Delight in doubles lane

Delight in doubles lane

terrific together Jwala Gutta (left) and V Diju have combined nicely to topple many an established mixed doubles pair. APValiyaveetil Diju portrays the remarkable story of a badminton player who had to traverse the rough road towards success. Hard work and patience have been his virtues besides plenty of skill and as the year draws to a close, Diju can look back with plenty of satisfaction, having made a mark at the world level along with Jwala Gutta in mixed doubles.

The Diju-Jwala pair has created much more than mere ripples on the world stage, winning the Chinese Taipei Gold Grand Prix this year before finishing runners-up in the prestigious season-ending Super Series Masters Finals in Johar Bahru earlier this month. A place in the top ten is their reward after a memorable journey.
“There have been lots of twists and turns in my career but the last two seasons were good while this year has been really great,” said Diju on his return from Johar Bahru, where he and Jwala lost to Danish pair of Nielsen Fischer and Christinna Pedersen in the summit clash.
“We never thought we can make it that big. It was my dream to play in the Super Series Masters but when you learn that only the top eight in the world can play there, then you feel you are not going to make it. To get a chance to play in the Masters was enough to make me happy but when we entered the final it was a dream come true,” said Diju.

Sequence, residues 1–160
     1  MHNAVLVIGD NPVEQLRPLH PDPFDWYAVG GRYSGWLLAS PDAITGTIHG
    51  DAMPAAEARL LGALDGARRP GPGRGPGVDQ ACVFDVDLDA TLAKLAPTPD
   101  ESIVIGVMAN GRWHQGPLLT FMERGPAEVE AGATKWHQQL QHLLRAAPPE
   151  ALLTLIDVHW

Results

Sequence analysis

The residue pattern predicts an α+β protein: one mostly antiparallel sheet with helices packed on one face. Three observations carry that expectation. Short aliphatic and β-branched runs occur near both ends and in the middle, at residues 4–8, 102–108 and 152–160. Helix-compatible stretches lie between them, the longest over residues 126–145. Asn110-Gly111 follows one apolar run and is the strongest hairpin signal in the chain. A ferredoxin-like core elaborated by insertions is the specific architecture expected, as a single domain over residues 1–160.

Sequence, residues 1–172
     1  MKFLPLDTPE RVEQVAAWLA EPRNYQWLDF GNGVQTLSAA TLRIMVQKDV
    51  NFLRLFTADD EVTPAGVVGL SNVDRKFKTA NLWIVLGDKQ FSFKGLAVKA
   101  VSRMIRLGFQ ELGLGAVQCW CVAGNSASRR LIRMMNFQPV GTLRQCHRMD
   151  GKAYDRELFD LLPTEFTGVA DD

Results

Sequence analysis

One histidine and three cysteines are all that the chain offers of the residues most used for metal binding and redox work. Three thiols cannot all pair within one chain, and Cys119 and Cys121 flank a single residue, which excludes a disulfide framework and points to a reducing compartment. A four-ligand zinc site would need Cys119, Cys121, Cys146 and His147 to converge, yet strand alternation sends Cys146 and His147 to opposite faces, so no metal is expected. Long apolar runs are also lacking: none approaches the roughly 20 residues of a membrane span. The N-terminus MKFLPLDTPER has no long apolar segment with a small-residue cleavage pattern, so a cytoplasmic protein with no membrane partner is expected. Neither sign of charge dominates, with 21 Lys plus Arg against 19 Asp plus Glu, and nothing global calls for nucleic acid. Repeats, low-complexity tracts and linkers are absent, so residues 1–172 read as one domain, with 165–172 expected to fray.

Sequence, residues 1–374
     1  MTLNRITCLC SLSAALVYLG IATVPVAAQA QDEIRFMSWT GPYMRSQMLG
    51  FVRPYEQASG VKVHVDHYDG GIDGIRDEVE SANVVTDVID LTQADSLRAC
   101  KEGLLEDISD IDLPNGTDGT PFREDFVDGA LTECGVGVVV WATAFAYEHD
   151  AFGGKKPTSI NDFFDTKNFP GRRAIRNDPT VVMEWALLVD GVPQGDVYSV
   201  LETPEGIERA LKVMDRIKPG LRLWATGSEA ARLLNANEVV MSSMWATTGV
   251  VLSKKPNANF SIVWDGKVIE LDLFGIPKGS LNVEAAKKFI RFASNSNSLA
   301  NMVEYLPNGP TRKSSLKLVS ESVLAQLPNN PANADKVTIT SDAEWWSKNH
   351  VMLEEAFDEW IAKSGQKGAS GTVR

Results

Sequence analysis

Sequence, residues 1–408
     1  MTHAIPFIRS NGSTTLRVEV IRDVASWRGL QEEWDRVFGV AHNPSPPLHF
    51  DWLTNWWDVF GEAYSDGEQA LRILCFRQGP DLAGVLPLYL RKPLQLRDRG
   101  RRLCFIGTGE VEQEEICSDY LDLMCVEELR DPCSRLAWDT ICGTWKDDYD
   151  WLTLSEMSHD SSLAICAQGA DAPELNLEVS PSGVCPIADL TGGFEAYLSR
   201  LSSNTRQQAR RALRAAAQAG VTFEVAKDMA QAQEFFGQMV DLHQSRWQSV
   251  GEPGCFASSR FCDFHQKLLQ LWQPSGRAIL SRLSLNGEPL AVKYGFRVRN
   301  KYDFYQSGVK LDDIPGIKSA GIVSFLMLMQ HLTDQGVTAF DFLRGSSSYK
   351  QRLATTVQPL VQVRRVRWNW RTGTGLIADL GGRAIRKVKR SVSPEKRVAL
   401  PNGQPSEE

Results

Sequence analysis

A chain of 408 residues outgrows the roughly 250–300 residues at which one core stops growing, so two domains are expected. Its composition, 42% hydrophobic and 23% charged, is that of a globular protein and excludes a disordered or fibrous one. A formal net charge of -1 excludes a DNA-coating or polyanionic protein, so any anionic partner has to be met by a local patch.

“It took plenty of hard work to reach there. Finally we showed we are good enough to beat any team in the world. We need only to believe in ourselves,” said Diju.
Diju and Jwala have been almost unbeatable on the Indian scene, having won four National titles together. Diju has another title as well, in partnership with Aparna Balan in 2006. But on the international scene, the turning point for the duo came in the 2008 season. Starting the year as world number 93, they won the Bitburger Open and the Bulgarian Open, catapulting them to the top-20 in world rankings. The Chinese Taipei crown and a quarterfinal entry at the World Badminton Championships in Hyderabad this season helped them to capture the top 10 spot.
To illustrate how their progress has caught the attention of the badminton world, Diju described his meeting with Danish world No 4 Peter Gade during the Masters tournament. “It was after our quarterfinal game and Peter asked me ‘did you win the match?’ I replied yes and an amazed Gade said ‘really good’.
“The next day I ran him to him again and he asked me ‘what happened to your semifinal match?’ And when I told him we won, he was totally surprised and shaking his head said ‘unpredictable’. That shows how the top players view us now.”
Jwala said their performance was doubly sweet for her as she wasn’t physically fit at the start of the tournament. “I wasn’t fully fit right from the start of the tournament. So I didn’t expect to win any of the matches. Somehow I managed to hold on. It was a good win, big achievement for both of us. We gel together nicely and our partnership has worked wonders. I hope it will go on,” said the 26-year-old Hyderabadi.